Hope Veterinary Clinic, PA focuses on small animal medicine and surgery. We are committed to helping our clients select the best medical decisions for their pets. We believe education and communication are very important in companion animal care. Our staff is a cohesive group of individuals who work very hard to ensure that your pet is safe and comfortable while in our hospital. We are focused on the cleanliness of all areas of our clinic. Dr. Faulkner has over 35 years of medical experience and a passion that is essential when facing the challenges of small animal medicine and surgery. Let us know how we can help you. A companion animal can make a great difference in your life and we are here to help whenever you need us.
Hope Veterinary was founded in 1981 by Dr. David Faulkner and our mission statement is "We support the human-animal bond". Click to learn more!
Keeping your pets happy and healthy is our job, and our site is full of helpful info, including nutrition, vaccinations, medication, and geriatric pet care.
Need to make an appointment for your pet with one of our Amarillo, TX vets, or have a question? Call us today at 806-353-5566 or fill out our Contact Form.
Included in this statement is the position of Hope Veterinary Clinic and Sarah and David Faulkner of Amarillo, Texas on the G7 tragedy and the proposed Ordinance. I will assume here that all reading this will know to which Ordinance I am referring.
I am Sarah Faulkner and I am writing on behalf of the business, David and myself.
We have long been supporters of the Amarillo Humane Society and the many shelters and rescue organizations in the area which ultimately pull animals from the City Pound and find them suitable homes. I have been impressed with the work done through many people and at times, have seen unity and reciprocity between the Pound and the rescues. The G7 debacle and the proposed Ordinance have put all at an impasse but we have to use this current climate to answer some tough questions and make some changes.
We are appalled at the contemptible decision of Dick Havens to euthanize a mother, an animal now known as a letter and a number, at the most vital and yet most vulnerable time in a female’s life. An act like this would never, ever occur inside the walls of a veterinary clinic.
We do not support the proposed Ordinance. It smacks of a discrimination lawsuit and is entirely unenforceable.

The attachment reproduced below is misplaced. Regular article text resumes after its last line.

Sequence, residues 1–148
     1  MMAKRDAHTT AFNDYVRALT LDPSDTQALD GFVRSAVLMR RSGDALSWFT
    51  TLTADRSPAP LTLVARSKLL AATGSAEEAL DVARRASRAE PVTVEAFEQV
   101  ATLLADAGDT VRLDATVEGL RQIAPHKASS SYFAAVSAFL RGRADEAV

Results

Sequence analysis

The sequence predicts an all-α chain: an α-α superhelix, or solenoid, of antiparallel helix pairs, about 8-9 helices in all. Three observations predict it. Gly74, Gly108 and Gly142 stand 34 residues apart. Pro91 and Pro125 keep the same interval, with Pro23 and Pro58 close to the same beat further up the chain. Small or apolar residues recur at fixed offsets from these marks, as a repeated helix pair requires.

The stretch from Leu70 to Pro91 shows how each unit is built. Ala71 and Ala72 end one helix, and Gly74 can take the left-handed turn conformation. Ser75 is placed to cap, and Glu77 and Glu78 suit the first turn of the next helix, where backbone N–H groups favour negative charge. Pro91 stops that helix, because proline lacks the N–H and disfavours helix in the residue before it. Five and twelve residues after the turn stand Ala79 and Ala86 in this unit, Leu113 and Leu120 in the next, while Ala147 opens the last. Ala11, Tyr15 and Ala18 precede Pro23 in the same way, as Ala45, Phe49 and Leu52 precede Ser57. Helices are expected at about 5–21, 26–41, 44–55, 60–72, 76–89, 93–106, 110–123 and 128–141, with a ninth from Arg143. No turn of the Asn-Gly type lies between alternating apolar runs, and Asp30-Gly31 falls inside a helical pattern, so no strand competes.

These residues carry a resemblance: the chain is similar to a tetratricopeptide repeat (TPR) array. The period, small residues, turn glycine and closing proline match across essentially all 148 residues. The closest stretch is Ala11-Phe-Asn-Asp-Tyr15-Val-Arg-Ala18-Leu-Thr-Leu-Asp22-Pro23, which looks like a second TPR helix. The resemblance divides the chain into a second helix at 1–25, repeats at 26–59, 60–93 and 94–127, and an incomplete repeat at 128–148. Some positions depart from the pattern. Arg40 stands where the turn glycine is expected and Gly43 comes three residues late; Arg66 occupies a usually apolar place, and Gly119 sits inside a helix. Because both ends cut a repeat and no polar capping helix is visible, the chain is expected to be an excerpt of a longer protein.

This clinic will not be part of any plan Dick Havens may propose that would include veterinary clinics to report unlicensed litters nor will we ask to see paperwork pertaining to licensed litters if our City does lose its mind and adopt the proposal.
The answer is education and the building of a Low Cost Spay and Neuter Clinic. Multiple times a day clients ask me what it costs to spay/neuter. As many as 15 times a day, I answer this question. We have kept those fees low as we can to help as many as we can schedule and sterilize. We honor as many certificates as we can. I do not believe that a LCSNC will harm veterinary clinics. There are enough people who simply want their veterinarian to perform the surgery and will go to that clinic. We are scheduled two months out! The people who want to spay and neuter but are on a tight budget will use the LCSNC and bounce back to the vet clinic for other types of care.
I personally have been at the receiving end of collusion and retaliation from Dick Havens. I must stay on point here but I want our City to know that if anyone wants to hear my story of what he is capable of doing when he is crossed, please call me. I hope you are the news. I’m standing right here.
A young Pitbull puppy came in with a high fever, weak but responsive and no appetite. His vaccines were not complete therefore we ran a parvo test: negative. The puppy was vomiting and dehydrated, soo the client elected to hospitalize her. (Treatment was planned, the fecal was run: negative, leptospirosis: negative.) The pet remained oddly quiet and while he did not want to stand, he was able to. He had to be awakened, didn’t have control of his bladder, eyes would not focus, and different meds were chosen. We focused more on a possible concussion. He also remained febrile, but the dehydration was corrected. Tube feedings twice a day maintained his nutrition and as he improved and his appetite improved. This state continued for 48 hours.
On the morning of the third day, the pup’s front legs were swollen. Ah! Juvenile polyarthritis was suspected and cautious treatment with meds often contraindicated in gastric cases were initiated doxycycline, prednisone and gastrointestinal meds were put on board. Within hours the pup’s fever was gone and he would drink on his own. By 72 hours, he could stand, mentation was better (wagging tail, focusing eyes) and he began to eat. The swelling of the legs dissipated after the fifth day, beyond treatment for this uncommon, although not rare condition! Beware the febrile puppy! Polyarthritis “Juvenile Arthritis”.